NBC 26 News picked up on last week’s Log note about the Culture and Development Lab directed by Assistant Prof. Sawa Senzaki and the search for local parents interested in helping their babies (5-18 months) participate in a major international study of baby’s social understanding.
UW-Green Bay’s Culture and Development Lab directed by Assistant Prof. Sawa Senzaki is looking for local parents interested in having their babies (5-18 months) participate in a major international study of baby’s social understanding. The study is part of a large international collaboration with Canadian and Japanese researchers. Senzaki is asking alumni, University employees and students with young children to consider volunteering for a visit. Participation is easy, with only a single 30- to 45-minute session in which the parent and the baby read some books and watch some short videos while Senzaki and her student research assistants observe. Participants will receive a small toy or a book as a token of appreciation. If you’re interested, please email Senzaki at firstname.lastname@example.org or sign up at the website. “We really appreciate your help to have a better scientific understanding of infant development!”
Members of the UW System Board of Regents took advantage of Friday’s meeting in Whitewater to publically speak out against an Assembly bill that would make it a felony to conduct research with newly procured fetal tissue. Regents from both ends of the political spectrum including Gerald Whitburn, Charles Pruitt, Michael Grebe and Regent President Regina Millner characterized the legislation as over-reach, saying that ethical, vital, state-of-the-art research, especially at UW-Madison, would be imperiled if the bill passes. The Capital Times has coverage. For more on the fetal-tissue issue, and other items of interest from Friday’s meeting, see the UW System recap.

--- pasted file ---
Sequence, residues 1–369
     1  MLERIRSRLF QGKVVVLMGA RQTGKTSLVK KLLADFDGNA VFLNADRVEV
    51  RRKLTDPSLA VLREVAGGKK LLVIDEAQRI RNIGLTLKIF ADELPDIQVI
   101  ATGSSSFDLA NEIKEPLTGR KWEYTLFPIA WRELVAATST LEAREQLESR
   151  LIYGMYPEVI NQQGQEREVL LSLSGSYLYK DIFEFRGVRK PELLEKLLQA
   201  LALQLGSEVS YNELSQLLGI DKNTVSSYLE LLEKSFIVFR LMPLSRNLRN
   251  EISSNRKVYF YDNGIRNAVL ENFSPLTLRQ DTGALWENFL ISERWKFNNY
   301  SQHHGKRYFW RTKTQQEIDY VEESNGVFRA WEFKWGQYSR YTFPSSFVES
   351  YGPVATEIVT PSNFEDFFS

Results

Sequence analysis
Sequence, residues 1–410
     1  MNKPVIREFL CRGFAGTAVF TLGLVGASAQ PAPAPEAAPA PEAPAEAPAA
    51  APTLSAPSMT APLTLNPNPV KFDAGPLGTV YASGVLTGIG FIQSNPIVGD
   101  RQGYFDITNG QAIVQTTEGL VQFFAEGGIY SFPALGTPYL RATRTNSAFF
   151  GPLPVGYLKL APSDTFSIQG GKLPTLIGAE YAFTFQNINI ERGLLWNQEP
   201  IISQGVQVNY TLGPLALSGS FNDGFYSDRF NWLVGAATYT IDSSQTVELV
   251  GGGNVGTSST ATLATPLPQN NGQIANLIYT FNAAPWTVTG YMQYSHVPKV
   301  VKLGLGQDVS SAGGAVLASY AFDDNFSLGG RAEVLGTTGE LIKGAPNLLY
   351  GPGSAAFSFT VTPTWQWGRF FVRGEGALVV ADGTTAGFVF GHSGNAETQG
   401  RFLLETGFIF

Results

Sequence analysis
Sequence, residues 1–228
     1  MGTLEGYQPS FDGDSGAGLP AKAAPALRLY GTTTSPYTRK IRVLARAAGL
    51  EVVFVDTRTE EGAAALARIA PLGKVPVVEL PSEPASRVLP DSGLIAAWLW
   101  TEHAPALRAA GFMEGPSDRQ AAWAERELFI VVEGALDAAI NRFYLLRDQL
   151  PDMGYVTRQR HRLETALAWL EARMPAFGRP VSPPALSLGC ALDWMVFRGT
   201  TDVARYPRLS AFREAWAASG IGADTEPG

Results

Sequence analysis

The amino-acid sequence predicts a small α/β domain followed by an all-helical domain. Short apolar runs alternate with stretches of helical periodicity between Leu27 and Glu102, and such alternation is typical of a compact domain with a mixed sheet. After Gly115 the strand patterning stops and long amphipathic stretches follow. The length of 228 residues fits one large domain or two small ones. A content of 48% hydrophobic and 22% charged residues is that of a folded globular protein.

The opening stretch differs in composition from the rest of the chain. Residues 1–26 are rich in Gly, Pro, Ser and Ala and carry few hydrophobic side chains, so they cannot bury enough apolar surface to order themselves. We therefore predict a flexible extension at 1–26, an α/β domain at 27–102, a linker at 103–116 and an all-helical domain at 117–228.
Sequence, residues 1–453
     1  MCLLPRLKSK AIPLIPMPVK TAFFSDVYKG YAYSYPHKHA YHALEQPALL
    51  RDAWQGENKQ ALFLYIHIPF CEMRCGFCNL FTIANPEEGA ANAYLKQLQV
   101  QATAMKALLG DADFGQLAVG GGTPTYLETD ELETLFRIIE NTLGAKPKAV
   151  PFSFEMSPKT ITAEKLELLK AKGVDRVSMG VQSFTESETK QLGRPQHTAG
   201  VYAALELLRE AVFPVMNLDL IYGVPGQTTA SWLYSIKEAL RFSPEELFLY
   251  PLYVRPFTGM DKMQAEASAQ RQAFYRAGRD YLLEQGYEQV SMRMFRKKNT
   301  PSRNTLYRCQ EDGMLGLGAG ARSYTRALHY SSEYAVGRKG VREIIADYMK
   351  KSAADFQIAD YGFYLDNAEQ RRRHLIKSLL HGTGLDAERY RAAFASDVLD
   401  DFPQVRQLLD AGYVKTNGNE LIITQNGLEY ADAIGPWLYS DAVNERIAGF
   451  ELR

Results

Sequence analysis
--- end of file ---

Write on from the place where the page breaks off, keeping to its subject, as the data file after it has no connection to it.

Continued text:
A controversial technique to create flu viruses, now effectively banned, led to the discovery of a flu vaccine model that could be more reliable than today’s main method using chicken eggs, according to a study by UW-Madison scientist Yoshihiro Kawaoka.
Federal officials had told Kawaoka and other researchers around the country to cease experiments that make flu, SARS and MERS viruses more dangerous in the lab. Read more.